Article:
Sunday night, June 21, 2015, Father’s Day, Austin, Texas.
The images of today were anticipated and no less, surprising. In reverse order.
Has been the case for at least the last 50 years, when church-joining was not a generation-to-generation event. When a family leaves their first church visit, even before starting the car for departure from the church parking lot, the tell-tale question, spouse to spouse, “What’d you think of the sermon?” SO MUCH of worship for folk, especially when all spins around if not pivots off the sermon, the sermon gives worship both its value and credibility. For many.
Today for me the value of the worship—not that the sermon unpacking the realities of fear and faith wasn’t helpful—was powerful, in this manner: On the altar were 9 votum candles, for the 9 murdered in Charleston, the church rang their tower bell 9 times for worship to begin, the opening prayer named each of the 9 victims—full name, the choir sang an inspiring anthem that made it clear, “God Defeats Death” and as a layperson read the Epistle lesson, she stopped following the second verse and openly wept. Nobody dropped a pin…but if such happened, you could hear it. Such a wonderful worship experience this morning, helping to focus where we need to focus.
Then. My wonderful clergy colleague, Joanne Carlson Brown, pastor at Tibbett’s United Methodist Church in West Seattle, sent a copy of her morning sermon. In it she brought so much strength and love…especially this, a quote I had not heard or read before. The message is a call for each of us to be maladjusted. Here…from Joanne…a woman of wisdom and courage and great inspiration:
“If you will bear with me just a while longer, I’d like to read a quote from Dr. Martin Luther King, Jr. that is a challenge to us and something which we can work to be. It is from his speech before the YMCA and YWCA of California, June 4, 1957 entitled “The Power of Nonviolence”: (apologies for the non-inclusive language – he was a man of his time)”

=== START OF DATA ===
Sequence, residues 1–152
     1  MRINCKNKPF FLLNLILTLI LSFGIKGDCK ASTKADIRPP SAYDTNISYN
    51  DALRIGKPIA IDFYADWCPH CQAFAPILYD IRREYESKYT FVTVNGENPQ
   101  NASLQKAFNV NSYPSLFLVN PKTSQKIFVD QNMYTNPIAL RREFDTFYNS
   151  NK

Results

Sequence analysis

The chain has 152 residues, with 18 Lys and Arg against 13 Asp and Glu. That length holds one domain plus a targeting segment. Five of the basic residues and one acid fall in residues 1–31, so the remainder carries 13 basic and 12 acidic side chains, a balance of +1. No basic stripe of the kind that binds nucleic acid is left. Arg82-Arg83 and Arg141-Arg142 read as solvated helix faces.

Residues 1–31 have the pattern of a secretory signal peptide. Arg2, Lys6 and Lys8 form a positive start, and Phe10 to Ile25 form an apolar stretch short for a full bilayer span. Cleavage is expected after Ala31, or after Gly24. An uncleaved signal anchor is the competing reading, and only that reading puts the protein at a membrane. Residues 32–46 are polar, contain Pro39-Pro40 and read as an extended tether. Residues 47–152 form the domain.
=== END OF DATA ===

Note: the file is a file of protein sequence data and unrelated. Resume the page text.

“Modern psychology has a word that is probably used more than any other word. It is the word ‘maladjusted.’ Now we all should seek to live a well adjusted life in order to avoid neurotic and schizophrenic personalities. But there are some things within our social order to which I am proud to be maladjusted and to which I call you to be maladjusted. I never intend to adjust myself to segregation and discrimination. I never intend to adjust myself to mob rule. I never intend to adjust myself to the tragic effects of the methods of physical violence and to tragic militarism.
I call upon you to be maladjusted to such things.
I call upon you to be as maladjusted as Amos who in the midst of the injustices of his day cried out in words that echo across the generation: Let Justice roll down like waters and righteousness like a mighty stream. As maladjusted as Abraham Lincoln who had the vision to see that this nation could not exist half slave and half free. As maladjusted as Jefferson, who in the midst of an age amazingly adjusted to slavery could cry out: All men are created equal and are endowed by their Creator with certain inalienable rights and that among these are life, liberty and the pursuit of happiness. As maladjusted as Jesus of Nazareth who dreamed a dream of the Fatherhood of God and the brotherhood of man.”
Amen to worship. Amen to Joanne. A new day is to dawn…let’s make it more than a good idea.